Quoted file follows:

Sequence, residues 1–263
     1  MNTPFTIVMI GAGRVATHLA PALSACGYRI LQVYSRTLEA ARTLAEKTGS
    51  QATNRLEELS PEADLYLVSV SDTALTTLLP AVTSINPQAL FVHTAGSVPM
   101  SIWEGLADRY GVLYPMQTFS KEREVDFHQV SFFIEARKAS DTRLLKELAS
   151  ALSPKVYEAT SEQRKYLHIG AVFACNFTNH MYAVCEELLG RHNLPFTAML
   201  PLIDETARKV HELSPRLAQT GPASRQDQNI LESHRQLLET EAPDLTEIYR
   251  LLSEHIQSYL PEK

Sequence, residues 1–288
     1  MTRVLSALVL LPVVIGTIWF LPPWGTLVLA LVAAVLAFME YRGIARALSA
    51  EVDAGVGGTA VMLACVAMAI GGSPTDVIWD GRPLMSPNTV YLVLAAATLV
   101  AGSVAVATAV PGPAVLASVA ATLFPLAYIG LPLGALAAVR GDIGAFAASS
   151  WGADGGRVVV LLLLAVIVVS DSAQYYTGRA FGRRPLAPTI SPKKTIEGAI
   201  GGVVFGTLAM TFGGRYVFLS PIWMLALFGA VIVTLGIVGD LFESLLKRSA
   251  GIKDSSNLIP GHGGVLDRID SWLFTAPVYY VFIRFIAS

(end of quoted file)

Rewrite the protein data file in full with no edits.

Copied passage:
Sequence, residues 1–263
     1  MNTPFTIVMI GAGRVATHLA PALSACGYRI LQVYSRTLEA ARTLAEKTGS
    51  QATNRLEELS PEADLYLVSV SDTALTTLLP AVTSINPQAL FVHTAGSVPM
   101  SIWEGLADRY GVLYPMQTFS KEREVDFHQV SFFIEARKAS DTRLLKELAS
   151  ALSPKVYEAT SEQRKYLHIG AVFACNFTNH MYAVCEELLG RHNLPFTAML
   201  PLIDETARKV HELSPRLAQT GPASRQDQNI LESHRQLLET EAPDLTEIYR
   251  LLSEHIQSYL PEK

Sequence, residues 1–288
     1  MTRVLSALVL LPVVIGTIWF LPPWGTLVLA LVAAVLAFME YRGIARALSA
    51  EVDAGVGGTA VMLACVAMAI GGSPTDVIWD GRPLMSPNTV YLVLAAATLV
   101  AGSVAVATAV PGPAVLASVA ATLFPLAYIG LPLGALAAVR GDIGAFAASS
   151  WGADGGRVVV LLLLAVIVVS DSAQYYTGRA FGRRPLAPTI SPKKTIEGAI
   201  GGVVFGTLAM TFGGRYVFLS PIWMLALFGA VIVTLGIVGD LFESLLKRSA
   251  GIKDSSNLIP GHGGVLDRID SWLFTAPVYY VFIRFIAS